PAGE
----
Overgrazing by farm and herd animals confined by fences is a big contributor to desertification. Fencing restricts the amount of land available for animals to graze, which in turn prevents the soil and plants from recovering after being trod upon and eaten. Deforestation, slash-and-burn agriculture, and the use of trees and plants as fuel have also contributed to the increasing spread
of desertification, especially in semi-arid and arid regions.

Oil and Transportation

The price of a barrel of oil exceeded $100 in 2008. Oil provides the energy needed for farmers to plant and harvest their crops. The more money it costs to grow an ear of corn translates into an increase in the cost to sell it. For instance, energy is needed to produce fertilizer, keep equipment like tractors running, and provide the fuel to transport the finished crops all over the world. Many industrialized nations no longer produce enough of their own food, which means food must be imported from elsewhere. The increase in oil and fuel prices has made the transport of food prohibitively expensive for some nations.

Meat and Dairy

Economic growth in many countries has allowed people to expand their diets, especially in China and other Southeast Asian nations. More and more people have been adding meat and dairy to the menu. Cows must eat more grain in order to supply enough meat and milk to meet demand. For instance, 700 calories of animal feed must be consumed in order to produce a 100-calorie piece of beef.

Population Growth

The human population has grown significantly in the first decade of the 21st century. As of April 2008, the global population reached 6.6 billion people, up from 6 billion in 1999. The increase in the number of people means greater competition for resources.

What is being done?

There is no simple answer to the causes of the food crisis. Biofuels are getting a lot of attention, due in part to the newness of the technology, the use of food as fuel, and whether the march toward switching energy resources over to biofuels is intensifying, if not causing, the food crisis. Rich nations are being asked to reconsider many recently passed laws and policies that promote biofuels as an alternate energy source. The United Nations is also urging rich countries to increase the amount of money they give to poorer nations for food aid. In April 2008, President Bush ordered $200 million in emergency food aid to be made available to "meet unanticipated food aid needs in Africa and elsewhere." The World Bank intends to increase its agricultural lending to Africa in 2009 to $800 million.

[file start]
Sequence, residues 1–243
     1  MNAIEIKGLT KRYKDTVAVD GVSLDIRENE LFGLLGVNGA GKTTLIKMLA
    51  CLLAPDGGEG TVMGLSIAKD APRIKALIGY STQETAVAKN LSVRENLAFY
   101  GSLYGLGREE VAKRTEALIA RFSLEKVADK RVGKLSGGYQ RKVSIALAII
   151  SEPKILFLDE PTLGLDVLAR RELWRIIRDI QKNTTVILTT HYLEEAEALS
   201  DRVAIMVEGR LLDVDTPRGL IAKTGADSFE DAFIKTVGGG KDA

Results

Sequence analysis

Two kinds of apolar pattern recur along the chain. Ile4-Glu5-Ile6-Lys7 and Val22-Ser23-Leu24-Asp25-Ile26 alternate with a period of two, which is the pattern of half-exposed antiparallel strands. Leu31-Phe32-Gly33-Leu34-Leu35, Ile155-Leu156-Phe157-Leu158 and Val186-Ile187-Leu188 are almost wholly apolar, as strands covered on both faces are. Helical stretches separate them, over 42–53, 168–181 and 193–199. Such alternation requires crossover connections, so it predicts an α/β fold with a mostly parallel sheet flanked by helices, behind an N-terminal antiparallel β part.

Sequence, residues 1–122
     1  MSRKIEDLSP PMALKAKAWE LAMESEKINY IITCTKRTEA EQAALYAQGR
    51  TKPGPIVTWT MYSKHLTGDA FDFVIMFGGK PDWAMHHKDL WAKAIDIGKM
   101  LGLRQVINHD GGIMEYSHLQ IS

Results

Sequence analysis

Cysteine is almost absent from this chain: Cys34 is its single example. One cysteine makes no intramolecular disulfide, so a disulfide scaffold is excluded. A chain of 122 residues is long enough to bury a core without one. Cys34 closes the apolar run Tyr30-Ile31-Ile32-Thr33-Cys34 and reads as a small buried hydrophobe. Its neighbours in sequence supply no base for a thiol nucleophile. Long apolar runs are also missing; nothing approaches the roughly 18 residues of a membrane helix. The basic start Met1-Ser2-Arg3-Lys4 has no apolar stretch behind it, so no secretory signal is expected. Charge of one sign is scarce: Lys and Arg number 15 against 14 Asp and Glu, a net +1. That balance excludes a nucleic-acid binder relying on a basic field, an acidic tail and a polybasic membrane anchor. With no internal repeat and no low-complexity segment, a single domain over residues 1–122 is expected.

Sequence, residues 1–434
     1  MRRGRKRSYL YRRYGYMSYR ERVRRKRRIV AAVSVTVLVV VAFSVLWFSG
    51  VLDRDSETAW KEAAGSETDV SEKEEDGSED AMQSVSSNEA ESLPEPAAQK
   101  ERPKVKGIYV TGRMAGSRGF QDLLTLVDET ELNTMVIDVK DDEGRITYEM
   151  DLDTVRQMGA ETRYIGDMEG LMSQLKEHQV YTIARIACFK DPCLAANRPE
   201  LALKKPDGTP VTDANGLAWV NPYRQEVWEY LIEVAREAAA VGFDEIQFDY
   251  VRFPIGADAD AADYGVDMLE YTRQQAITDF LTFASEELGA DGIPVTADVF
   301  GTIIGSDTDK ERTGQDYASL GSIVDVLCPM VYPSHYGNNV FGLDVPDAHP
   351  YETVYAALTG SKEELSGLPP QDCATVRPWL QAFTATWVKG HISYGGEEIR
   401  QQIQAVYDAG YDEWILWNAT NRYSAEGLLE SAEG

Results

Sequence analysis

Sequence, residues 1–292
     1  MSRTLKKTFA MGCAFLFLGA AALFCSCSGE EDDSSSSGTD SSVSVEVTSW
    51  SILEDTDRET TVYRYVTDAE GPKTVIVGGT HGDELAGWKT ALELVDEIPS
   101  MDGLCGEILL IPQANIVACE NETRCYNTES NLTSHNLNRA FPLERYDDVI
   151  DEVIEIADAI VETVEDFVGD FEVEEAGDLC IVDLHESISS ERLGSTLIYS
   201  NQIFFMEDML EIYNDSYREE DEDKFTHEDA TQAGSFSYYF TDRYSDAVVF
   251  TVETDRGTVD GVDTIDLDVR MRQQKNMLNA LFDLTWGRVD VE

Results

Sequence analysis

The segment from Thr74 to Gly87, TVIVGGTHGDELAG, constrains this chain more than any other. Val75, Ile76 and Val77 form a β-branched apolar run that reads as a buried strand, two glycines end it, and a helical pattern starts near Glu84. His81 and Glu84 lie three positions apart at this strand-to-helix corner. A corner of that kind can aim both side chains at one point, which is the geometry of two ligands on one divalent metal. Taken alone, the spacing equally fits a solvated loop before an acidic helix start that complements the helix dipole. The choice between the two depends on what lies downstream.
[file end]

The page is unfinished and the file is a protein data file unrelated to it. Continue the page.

The United Nations Secretary General Ban Ki-moon announced the establishment of a task force to handle the global food crisis. One of the priorities of this task force is to close the funding gap for the UN's World Food Program (WFP) this year. By May 1st, the size of the funding gap had reached $755 million. Mr. Ban also addressed the importance of helping farmers in poor countries who have been hurt by the increasing costs of fertilizer and energy. $200 million is being made available to help farmers in the worst affected areas to boost food production, as well as $1.7 billion is going to help nations in need buy seeds.

Robert Zoellick, the head of the World Bank, worries about nations using export bans to protect their food stocks, expressing that such controls "encourage hoarding, drive up prices, and hurt the poorest people around the world." In March India banned the export of non-basmati rice, and in late April decided to tax exports of basmati rice.

26 million Latin Americans are in danger of being pushed into extreme poverty, according to the Inter-American Development Bank. The bank has implemented a $500 million credit line to increase the amount of support to help agricultural productivity and anti-poverty programs. The Mexican government has also pledged to help offset increased food costs by increasing cash subsidies to its poorest citizens.


Banned Books

Monday, August 17, 2009

The banning of books and other forms of censorship are not new. Since at least the fourth century B.C., some groups and individuals have encouraged the banning or outright destruction of reading material in the name of morality or for political or religious reasons. Here is a list of the most frequently attacked children's books in recent years and the objections to them.

Book : Anne Frank: The Diary of a Young Girl
Reason:Too depressing.

Book : Blubber, by Judy Blume
Reason: The characters curse and the mean-spirited ringleader is never punished for her cruelty.

Book : Bony-Legs, by Joanna Cole
Reason: Deals with subjects such as magic and witchraft.

Book: The Chocolate War, by Robert Cormier
Reason: Offensive language.

Book: Confessions of an Only Child, by Norma Klein
Reason: Use of profanity by the lead character's father.

Book: Harriet, the Spy, by Louise Fitzhugh
Reason: Teaches children to lie, spy, talk back, and curse.

Book: A Hero Ain't Nothin' but a Sandwich, by Alice Childress
Reason: Anti-American and immoral.

Book: The House without a Christmas Tree, by Gail Rock
Reason: Uses the word damn.

Book: In a Dark, Dark Room, and Other Scary Stories, by Alvin Schwartz
Reason: Too morbid for children.

Book: In the Night Kitchen, by Maurice Sendak
Reason: Nudity; Mickey loses his pajamas during his fall in the kitchen.

Book: A Light in the Attic, by Shel Silverstein
Reason: A suggestive illustration that might encourage kids to break dishes so they won't have to dry them.

Book: Sylvester and the Magic Pebble, by William Steig
Reason: The characters are all shown as animals; the police are presented as pigs.


The Origin of Teddy Bear